Charles J. Dunlap Jr., the former deputy judge advocate general of the United States Air Force, joined the Duke Law faculty in July 2010 where he is a professor of the practice of law and Executive Director of the Center on Law, Ethics and National Security. His teaching and scholarly writing focus on national security, international law, civil-military relations, cyberwar, airpower, military justice, and ethical issues related to the practice of national security law.
Dunlap retired from the Air Force in June 2010, having attained the rank of major general during a 34-year career in the Judge Advocate General Corps. In his capacity as deputy judge advocate general from May 2006 to March 2010, he assisted the judge advocate general in the professional supervision of more than 2,200 judge advocates, 350 civilian lawyers, 1,400 enlisted paralegals, and 500 civilians around the world. In addition to overseeing an array of military justice, operational, international, and civil law functions, he provided legal advice to the Air Staff and commanders at all levels.
Dunlap is a graduate of St Joseph’s University (PA) and Villanova University School of Law. He is also a graduate of the Armed Forces Staff College, and is a distinguished graduate of the National War College.
In the course of his career, Dunlap has been involved in various high-profile interagency and policy matters, highlighted by his testimony before the U.S. House of Representatives concerning the Military Commissions Act of 2006.
Dunlap previously served as staff judge advocate at Headquarters Air Combat Command at Langley Air Force Base in Virginia and at Headquarters Air Education and Training Command at Randolph Air Force Base in Texas, among other leadership posts. His other assignments include the faculty of the Air Force Judge Advocate General School where he taught various civil and criminal law topics. An experienced trial lawyer, he also spent two years as a military trial judge for a 22-state circuit. He served overseas tours in the United Kingdom and Korea, and he deployed for operations in the Middle East and Africa.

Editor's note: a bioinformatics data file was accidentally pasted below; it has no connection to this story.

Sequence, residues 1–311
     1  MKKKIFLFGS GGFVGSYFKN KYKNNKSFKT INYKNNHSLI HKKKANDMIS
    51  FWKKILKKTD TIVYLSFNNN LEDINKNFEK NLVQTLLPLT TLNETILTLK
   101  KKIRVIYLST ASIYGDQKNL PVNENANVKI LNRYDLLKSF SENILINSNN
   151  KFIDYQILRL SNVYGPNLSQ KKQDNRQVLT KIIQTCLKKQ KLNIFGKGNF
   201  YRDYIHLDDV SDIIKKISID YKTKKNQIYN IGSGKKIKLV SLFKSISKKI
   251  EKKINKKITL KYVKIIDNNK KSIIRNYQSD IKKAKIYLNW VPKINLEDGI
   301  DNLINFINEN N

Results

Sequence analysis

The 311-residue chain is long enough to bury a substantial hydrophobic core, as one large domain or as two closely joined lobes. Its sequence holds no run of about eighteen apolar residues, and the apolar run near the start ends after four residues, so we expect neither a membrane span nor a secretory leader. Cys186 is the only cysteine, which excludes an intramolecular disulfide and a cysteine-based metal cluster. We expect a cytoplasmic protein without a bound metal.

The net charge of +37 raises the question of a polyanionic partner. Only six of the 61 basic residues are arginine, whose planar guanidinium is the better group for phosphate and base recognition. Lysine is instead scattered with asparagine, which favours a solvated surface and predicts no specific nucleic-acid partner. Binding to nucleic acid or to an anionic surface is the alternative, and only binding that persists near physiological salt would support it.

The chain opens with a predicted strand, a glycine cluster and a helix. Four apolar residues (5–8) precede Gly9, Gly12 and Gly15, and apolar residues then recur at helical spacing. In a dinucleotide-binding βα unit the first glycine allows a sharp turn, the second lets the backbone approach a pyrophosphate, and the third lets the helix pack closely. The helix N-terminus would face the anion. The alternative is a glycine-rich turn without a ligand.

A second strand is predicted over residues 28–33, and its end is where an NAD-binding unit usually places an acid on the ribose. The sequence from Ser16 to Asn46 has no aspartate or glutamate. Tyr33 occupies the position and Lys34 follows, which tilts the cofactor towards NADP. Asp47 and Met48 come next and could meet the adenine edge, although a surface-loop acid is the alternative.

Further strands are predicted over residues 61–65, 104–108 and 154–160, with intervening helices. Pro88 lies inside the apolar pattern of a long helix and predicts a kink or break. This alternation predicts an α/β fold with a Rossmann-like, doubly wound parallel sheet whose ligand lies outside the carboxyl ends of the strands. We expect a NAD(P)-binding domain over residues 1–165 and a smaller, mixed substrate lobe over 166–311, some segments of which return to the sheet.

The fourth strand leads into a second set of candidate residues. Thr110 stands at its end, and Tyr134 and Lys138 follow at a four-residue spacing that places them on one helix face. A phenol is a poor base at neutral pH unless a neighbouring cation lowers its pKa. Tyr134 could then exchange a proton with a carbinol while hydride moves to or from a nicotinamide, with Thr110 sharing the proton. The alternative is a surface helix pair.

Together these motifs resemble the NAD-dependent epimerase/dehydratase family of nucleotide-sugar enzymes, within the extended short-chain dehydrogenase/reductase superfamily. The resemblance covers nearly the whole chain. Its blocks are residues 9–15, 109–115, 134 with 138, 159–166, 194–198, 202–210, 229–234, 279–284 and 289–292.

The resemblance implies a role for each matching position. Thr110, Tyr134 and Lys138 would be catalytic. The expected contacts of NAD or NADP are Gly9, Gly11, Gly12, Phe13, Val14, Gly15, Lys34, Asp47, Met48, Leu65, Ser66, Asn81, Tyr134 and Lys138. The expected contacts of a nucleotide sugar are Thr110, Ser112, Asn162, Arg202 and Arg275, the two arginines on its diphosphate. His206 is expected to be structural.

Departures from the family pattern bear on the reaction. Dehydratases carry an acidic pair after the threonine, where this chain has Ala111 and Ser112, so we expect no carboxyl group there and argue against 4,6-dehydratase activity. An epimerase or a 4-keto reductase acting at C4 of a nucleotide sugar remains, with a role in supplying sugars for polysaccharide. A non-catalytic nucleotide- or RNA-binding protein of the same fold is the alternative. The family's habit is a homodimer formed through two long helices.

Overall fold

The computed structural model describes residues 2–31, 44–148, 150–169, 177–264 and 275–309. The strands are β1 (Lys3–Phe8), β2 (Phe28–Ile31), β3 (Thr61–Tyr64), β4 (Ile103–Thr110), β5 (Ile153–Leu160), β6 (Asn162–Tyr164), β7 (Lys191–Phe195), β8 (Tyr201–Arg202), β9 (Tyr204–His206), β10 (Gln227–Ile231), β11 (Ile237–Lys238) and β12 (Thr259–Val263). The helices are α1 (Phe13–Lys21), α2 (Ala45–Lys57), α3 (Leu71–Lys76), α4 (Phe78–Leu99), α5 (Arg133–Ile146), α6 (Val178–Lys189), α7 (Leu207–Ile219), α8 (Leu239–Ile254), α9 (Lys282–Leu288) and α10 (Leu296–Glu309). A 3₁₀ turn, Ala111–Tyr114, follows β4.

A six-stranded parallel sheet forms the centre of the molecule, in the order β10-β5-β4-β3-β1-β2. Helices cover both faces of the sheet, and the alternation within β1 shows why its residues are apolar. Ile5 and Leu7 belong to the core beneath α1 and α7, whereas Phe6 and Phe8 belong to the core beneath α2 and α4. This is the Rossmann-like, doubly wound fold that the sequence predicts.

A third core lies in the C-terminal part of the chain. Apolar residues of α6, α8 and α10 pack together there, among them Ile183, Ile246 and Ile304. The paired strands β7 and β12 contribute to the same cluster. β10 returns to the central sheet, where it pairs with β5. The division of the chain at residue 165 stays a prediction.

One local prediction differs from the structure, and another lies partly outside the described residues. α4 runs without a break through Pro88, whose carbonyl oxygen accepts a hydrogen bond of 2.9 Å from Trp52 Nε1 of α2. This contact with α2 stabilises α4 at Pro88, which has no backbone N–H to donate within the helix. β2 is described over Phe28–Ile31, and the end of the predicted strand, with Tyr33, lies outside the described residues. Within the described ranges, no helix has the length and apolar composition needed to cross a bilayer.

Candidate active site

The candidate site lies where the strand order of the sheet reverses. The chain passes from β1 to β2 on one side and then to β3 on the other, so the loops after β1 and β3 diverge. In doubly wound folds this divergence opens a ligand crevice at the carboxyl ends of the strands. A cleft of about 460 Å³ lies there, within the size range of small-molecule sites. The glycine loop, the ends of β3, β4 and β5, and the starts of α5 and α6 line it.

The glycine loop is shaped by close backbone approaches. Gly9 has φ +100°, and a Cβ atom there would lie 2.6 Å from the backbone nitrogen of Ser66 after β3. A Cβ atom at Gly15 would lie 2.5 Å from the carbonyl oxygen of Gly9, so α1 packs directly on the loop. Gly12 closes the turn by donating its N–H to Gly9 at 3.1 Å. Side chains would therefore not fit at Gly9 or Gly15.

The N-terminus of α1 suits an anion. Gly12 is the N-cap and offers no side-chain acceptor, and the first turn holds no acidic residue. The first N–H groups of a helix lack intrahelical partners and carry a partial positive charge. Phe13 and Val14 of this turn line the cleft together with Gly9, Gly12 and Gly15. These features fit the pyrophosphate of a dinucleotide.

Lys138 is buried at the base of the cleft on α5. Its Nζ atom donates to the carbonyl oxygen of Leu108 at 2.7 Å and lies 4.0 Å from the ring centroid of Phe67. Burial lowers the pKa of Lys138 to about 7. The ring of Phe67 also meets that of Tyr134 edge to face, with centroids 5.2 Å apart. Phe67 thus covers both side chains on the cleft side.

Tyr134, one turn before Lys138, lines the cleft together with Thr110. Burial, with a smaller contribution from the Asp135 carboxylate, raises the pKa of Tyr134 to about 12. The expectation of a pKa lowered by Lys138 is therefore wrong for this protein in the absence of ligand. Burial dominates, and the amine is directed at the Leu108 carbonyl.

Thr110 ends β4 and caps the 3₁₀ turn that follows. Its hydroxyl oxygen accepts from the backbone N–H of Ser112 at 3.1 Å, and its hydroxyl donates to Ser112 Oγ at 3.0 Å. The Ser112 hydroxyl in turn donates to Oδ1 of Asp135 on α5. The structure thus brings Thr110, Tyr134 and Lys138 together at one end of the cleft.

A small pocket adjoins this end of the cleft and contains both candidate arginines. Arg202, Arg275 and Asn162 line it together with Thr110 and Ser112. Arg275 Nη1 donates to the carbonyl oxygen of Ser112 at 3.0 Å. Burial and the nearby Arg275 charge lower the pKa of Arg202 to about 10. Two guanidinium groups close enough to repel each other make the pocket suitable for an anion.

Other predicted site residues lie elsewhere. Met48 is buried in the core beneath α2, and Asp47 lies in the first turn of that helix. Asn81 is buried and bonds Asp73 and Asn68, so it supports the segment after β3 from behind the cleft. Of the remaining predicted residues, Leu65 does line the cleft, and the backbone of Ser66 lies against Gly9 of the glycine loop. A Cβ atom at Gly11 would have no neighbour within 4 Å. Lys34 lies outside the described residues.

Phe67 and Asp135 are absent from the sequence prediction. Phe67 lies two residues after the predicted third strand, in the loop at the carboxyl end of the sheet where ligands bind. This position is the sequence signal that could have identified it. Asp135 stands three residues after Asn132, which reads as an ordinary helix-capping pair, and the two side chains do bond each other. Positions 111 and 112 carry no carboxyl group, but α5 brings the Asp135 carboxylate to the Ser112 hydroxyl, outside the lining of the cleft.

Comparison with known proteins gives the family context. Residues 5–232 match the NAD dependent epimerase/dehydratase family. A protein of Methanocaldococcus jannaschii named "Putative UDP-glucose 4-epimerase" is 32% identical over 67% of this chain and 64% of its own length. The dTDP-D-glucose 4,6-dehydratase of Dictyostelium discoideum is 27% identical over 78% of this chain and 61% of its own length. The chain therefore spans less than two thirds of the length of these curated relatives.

A prolific author and accomplished public speaker, Dunlap’s commentary on a wide variety of national security topics has been published in leading newspapers and military journals. His 2001 essay, “Law and Military Interventions: Preserving Humanitarian Values in 21st Century Conflicts,” written for Harvard University’s Carr Center about “lawfare,” a concept he defines as “the use or misuse of law as a substitute for traditional military means to accomplish an operational objective,” has been highly influential among military scholars and in the broader legal academy.
Dunlap’s legal scholarship also has been published in the Stanford Law Review, the Yale Journal of International Affairs, the Duke Journal of Gender law & Policy, the Vanderbilt Journal of Transnational Law, the Wake Forest Law Review, the Fletcher Forum of World Affairs, Air & Space Power Journal, the University of Nebraska Law Review, the Texas Tech Law Review, the Georgetown Journal of International Affairs, and the Tennessee Law Review, among others. He is the author of “The Origins of the Military Coup of 2012”, originally published in 1992, which was selected for the 40th Anniversary Edition of Parameters (Winter 2010-2011).
He also has published chapters in a number of texts and other books. Most recently he completed a chapter on “Civil-Military Relations” for National Security Law and Policy: A Reader to be published in 2020. Additionally, he is the author of two monographs: Shortchanging the Joint Fight? An Airman’s Perspective on FM 3-24 and the Case for Developing Truly Joint COIN Doctrine, published by the U.S. Air Force’s Air University in 2008, and Technology and the 21st Century Battlefield: Recomplicating Moral Life for the Soldier and the Statesman by the U.S. Army Strategic Studies Institute in 1999.